3 289 Comment on Judgment of the Court of Justice (Full Court) in Case C-370/12 in a judicial dialogue with the CJEU pursuant to the preliminary reference mechanism 8. After a short overview of the General Court s reasoning and the view of the Advocate General, the questions will be only briefly discussed: could the Court of Justice review the legality of a European Council Decision which adopts amendments of the TFEU according to the two simplified procedures for Treaty amendment introduced by the Lisbon Treaty, and whether the European Council Decision 2011/199/EU amending Article 136 TFEU with regard to a stability mechanism for Member States whose currency is the euro entails an alteration of the competences of the European Union contrary to the third paragraph of Article 48(6) Treaty on European Union (TEU) 9. II. FACTUAL AND PROCEDURAL BACKGROUND Article 48(6) of the Treaty on European Union allows the European Council, acting in unanimity after consulting the European Parliament, the Commission and, in certain cases, the European Central Bank, to adopt a decision amending all or part of the provisions of Part Three of the Treaty on the functioning of the European Union. Such a decision may not increase the competences conferred on the Union in the Treaties, and its entry into force is conditional upon its subsequent approval by the Member States in accordance with their respective constitutional requirements. In May 2010 the EU and the group of its Member States, decided to create two new legal instruments, called the European Financial Stability 8 E. Fahey, S. Bardutzky, Judicial Review of Eurozone Law: The Adjudication of Postnational Norms in EU Courts, Plural A Casestudy of the European Stability Mechanism, Michigan Journal of International Law 2013, vol. 34, pp. 3-16, available at SSRN: [last accessed: ]. For a recent overview, see also: J. Tomkin, Contradiction, Circumvention and Conceptual Gymnastics: The Impact of the Adoption of the ESM Treaty on the State of European Democracy, German Law Journal 2013, vol. 14, pp , available at: 11&artID=1500 [last accessed: ]. 9 For a more elaborate discussion of this case see: B. de Witte, T. Beukers, A Court of Justice Approves the Creation of European Stability Mechanism Outside the EU Legal Order: Pringle, Common Market Law Review 2013, vol. 50, pp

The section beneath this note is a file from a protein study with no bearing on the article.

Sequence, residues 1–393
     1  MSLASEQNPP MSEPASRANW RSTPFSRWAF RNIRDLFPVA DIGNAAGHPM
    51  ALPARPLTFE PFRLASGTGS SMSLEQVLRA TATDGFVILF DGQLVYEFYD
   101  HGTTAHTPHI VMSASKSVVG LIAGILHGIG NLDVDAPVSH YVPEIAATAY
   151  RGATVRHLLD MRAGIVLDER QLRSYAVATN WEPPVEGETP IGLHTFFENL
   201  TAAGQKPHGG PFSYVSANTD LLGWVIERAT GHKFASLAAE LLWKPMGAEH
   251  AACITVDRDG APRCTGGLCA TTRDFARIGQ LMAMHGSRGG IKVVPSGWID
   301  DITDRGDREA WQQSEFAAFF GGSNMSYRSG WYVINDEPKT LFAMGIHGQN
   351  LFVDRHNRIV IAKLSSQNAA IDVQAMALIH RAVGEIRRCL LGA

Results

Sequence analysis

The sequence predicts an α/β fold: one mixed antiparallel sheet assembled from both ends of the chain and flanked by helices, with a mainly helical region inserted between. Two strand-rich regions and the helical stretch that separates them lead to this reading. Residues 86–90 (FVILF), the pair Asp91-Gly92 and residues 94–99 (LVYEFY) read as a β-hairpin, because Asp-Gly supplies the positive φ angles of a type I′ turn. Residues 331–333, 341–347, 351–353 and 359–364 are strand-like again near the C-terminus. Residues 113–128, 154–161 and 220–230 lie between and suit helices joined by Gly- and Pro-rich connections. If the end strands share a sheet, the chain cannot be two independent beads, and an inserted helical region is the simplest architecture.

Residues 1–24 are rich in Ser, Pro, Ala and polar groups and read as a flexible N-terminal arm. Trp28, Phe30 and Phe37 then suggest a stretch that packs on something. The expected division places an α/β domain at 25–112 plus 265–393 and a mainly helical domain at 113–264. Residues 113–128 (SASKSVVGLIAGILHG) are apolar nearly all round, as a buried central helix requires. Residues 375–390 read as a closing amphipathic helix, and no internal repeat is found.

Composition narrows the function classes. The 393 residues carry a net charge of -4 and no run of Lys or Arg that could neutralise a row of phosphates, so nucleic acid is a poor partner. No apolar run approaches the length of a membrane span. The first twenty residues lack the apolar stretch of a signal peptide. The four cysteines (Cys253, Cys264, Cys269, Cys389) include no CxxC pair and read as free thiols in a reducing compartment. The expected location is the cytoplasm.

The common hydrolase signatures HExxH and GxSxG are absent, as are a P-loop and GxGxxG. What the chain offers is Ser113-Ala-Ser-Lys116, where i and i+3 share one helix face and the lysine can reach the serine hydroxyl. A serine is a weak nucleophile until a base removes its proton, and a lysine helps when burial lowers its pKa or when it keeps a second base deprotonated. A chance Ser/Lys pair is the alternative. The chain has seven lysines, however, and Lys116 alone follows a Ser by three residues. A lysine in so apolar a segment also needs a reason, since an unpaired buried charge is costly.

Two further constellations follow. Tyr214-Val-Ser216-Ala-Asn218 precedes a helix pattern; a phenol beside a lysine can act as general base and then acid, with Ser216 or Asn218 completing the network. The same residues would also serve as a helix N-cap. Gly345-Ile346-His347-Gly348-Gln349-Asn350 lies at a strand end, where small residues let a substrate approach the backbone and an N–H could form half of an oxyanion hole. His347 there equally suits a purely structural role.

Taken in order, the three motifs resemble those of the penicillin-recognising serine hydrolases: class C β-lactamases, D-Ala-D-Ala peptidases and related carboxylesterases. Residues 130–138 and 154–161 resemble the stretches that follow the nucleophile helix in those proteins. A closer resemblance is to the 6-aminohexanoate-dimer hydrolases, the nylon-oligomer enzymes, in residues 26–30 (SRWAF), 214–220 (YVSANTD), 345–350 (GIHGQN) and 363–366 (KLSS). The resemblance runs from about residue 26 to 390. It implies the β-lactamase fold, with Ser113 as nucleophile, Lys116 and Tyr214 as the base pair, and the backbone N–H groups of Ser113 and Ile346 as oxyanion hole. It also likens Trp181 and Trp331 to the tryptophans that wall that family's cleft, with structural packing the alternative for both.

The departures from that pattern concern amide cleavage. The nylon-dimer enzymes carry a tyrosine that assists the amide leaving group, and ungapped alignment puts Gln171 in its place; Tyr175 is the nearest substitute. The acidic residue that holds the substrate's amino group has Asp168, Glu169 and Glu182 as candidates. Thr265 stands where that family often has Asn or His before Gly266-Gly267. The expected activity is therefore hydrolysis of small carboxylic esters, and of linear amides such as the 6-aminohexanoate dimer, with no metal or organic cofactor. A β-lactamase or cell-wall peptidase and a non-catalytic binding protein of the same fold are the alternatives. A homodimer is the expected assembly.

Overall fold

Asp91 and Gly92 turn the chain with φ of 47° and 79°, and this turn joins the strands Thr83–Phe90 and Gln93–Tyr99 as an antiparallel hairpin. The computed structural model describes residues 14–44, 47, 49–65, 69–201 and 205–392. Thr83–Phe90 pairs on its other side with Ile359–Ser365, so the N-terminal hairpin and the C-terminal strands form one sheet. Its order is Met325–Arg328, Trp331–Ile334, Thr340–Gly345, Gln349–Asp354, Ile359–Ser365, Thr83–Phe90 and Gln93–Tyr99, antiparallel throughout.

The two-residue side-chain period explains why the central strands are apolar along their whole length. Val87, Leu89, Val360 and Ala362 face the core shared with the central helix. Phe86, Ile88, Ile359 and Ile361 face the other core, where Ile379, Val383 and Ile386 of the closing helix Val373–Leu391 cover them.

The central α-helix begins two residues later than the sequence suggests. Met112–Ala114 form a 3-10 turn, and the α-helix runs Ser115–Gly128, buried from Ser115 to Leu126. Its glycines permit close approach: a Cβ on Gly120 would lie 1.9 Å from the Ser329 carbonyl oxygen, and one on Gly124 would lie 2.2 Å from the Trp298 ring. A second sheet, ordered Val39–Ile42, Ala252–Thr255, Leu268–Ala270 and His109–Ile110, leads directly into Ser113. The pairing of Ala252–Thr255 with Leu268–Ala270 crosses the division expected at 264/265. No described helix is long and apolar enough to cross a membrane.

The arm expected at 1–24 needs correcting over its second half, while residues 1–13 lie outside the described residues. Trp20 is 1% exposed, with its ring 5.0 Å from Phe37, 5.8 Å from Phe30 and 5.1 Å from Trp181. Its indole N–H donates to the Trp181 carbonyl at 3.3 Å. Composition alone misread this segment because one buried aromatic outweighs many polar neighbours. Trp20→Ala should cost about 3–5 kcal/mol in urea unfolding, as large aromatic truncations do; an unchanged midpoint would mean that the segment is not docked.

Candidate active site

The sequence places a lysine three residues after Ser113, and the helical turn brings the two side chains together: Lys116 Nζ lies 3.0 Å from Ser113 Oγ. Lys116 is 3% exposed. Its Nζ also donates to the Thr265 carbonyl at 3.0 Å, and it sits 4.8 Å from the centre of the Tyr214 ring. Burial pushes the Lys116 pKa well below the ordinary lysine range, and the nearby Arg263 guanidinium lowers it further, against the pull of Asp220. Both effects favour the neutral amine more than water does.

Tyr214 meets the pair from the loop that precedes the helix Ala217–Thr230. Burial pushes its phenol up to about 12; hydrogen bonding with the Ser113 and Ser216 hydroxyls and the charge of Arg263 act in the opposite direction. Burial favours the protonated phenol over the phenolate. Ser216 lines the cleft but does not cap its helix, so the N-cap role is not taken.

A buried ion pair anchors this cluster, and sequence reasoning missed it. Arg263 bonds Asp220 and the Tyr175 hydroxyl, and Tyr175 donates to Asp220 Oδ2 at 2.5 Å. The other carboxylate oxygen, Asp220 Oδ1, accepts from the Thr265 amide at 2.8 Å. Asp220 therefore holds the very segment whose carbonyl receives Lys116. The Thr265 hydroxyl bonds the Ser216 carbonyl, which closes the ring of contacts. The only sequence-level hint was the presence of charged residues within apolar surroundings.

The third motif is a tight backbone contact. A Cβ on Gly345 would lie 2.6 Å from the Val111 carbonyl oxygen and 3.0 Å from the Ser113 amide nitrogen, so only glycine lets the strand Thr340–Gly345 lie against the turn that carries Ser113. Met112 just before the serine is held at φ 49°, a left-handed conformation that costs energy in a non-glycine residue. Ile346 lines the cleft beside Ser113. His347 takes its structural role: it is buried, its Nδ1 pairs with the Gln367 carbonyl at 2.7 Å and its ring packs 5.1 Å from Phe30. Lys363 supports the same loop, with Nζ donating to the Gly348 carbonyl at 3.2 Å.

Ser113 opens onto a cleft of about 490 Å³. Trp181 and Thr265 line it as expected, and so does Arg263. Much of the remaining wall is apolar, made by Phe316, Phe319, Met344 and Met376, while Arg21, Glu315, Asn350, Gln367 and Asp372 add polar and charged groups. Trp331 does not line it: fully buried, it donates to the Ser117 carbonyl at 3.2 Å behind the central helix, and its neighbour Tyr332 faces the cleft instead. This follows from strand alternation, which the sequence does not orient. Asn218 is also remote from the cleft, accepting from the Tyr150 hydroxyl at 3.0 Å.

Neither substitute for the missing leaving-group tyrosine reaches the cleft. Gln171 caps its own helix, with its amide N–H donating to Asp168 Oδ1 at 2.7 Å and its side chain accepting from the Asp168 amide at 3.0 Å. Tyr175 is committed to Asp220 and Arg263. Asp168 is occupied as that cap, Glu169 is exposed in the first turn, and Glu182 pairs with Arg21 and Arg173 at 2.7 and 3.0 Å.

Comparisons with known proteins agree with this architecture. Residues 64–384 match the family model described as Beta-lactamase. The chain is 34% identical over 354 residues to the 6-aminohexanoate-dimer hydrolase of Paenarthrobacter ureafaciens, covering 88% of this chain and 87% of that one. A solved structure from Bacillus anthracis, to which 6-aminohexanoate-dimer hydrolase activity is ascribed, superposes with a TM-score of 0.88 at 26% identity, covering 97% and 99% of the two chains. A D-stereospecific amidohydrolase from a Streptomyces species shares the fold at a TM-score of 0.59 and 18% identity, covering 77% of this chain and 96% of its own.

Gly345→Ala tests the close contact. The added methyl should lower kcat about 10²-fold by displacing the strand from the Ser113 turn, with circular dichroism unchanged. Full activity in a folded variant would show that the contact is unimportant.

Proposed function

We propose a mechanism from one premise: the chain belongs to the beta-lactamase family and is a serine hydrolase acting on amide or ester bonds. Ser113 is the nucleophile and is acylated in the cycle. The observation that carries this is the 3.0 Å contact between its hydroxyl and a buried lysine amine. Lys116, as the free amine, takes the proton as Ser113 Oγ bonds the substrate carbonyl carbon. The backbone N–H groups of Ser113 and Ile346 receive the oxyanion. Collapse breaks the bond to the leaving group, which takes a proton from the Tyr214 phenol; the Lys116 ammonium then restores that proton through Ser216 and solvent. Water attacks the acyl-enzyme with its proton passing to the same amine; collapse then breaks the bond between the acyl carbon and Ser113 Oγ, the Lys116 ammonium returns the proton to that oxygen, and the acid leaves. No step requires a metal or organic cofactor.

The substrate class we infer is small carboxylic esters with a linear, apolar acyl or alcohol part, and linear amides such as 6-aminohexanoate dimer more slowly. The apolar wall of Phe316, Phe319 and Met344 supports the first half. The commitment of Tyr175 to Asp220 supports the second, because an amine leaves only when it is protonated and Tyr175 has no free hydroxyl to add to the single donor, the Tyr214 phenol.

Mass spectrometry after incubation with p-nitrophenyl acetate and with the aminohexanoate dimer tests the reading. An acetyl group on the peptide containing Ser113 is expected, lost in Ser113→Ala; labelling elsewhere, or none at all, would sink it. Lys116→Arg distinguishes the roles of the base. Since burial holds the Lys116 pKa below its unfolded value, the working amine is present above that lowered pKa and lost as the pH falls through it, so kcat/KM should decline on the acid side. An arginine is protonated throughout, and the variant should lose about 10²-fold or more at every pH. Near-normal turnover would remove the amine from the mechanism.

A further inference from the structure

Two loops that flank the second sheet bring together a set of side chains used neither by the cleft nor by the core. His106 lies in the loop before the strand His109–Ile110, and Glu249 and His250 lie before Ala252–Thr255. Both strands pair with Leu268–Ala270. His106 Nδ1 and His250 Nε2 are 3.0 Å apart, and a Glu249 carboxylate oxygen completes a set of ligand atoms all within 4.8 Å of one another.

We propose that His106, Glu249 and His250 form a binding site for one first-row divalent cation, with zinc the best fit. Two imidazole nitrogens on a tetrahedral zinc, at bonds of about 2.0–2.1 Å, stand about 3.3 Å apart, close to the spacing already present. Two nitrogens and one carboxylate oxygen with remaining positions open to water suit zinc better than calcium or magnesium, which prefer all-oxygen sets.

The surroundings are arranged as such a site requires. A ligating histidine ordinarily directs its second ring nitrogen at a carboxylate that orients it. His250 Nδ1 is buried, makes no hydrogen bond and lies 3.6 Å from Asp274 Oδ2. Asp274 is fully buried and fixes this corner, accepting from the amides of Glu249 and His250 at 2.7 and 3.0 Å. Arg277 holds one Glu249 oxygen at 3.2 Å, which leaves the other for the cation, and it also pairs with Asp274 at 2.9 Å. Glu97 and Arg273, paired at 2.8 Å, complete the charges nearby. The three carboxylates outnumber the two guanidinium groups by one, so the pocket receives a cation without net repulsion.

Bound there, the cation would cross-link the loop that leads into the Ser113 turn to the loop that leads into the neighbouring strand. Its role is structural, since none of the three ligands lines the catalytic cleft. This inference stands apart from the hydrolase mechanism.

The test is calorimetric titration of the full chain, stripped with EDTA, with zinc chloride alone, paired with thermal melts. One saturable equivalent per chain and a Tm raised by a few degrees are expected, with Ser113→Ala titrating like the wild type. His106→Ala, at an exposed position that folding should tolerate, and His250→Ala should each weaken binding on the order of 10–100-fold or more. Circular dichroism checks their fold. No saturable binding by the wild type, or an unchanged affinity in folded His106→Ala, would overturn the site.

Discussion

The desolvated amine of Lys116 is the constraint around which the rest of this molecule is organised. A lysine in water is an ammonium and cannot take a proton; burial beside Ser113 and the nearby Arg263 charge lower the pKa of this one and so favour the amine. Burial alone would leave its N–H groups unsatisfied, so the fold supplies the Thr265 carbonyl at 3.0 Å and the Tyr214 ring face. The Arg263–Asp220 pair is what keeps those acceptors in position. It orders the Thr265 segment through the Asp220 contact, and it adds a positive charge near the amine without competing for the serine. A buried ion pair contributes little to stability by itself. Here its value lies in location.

4 290 Agnieszka Knade-Plaskacz Mechanism (EFSM) and the European Financial Stability Facility (EFSF) 10. The European Council agreed on 17 December 2010 on the need for euro area Member States to establish a permanent stability mechanism. At its meeting on March 2011, the European Council unanimously adopted a decision under Article 48(6) TEU amending Article 136 TFEU. The decision 2011/199/EU provides that the following paragraph shall be added to Article 136 of the Treaty on the Functioning of the European Union: 3. The Member States whose currency is the euro may establish a stability mechanism to be activated if indispensable to safeguard the stability of the euro area as a whole. The granting of any required financial assistance under the mechanism will be made subject to strict conditionality. On 2 February 2012 the Member States whose currency is the euro signed a Treaty establishing the European Stability Mechanism ( the ESM Treaty ). That European Stability Mechanism is, under Article 1 of the ESM Treaty, an international financial institution whose members are the euro area Member States, and which, in accordance with the first sentence of Article 3 of the Treaty, has the following mission: the purpose of the ESM shall be to mobilise funding and provide stability support under strict conditionality, appropriate to the financial assistance instrument chosen, to the benefit of ESM Members which are experiencing, or are threatened by, severe financing problems, if indispensable to safeguard the financial stability of the euro area as a whole and of its Member States. For this purpose, the ESM shall be entitled to raise funds by issuing financial instruments or by entering into financial or other agreements or arrangements with ESM Members, financial institutions or other third parties. Thomas Pringle brought before the High Court (Ireland) an action against the defendants in the main proceedings in support of which he claimed, first, that Decision 2011/199 was not lawfully adopted 10 For a general discussion of a new set of regulations, procedures and institutions that have come to be known as the new European economic governance see: G.M. Barrett, Does the Treaty Amendment on the European Stability Mechanism Require a Referendum in Ireland?, available at: [last accessed: ] and Ch. Degryse, The New European Economic Governance (November 30, 2012), European Trade Union Institute Working Paper Available at: [last accessed: ].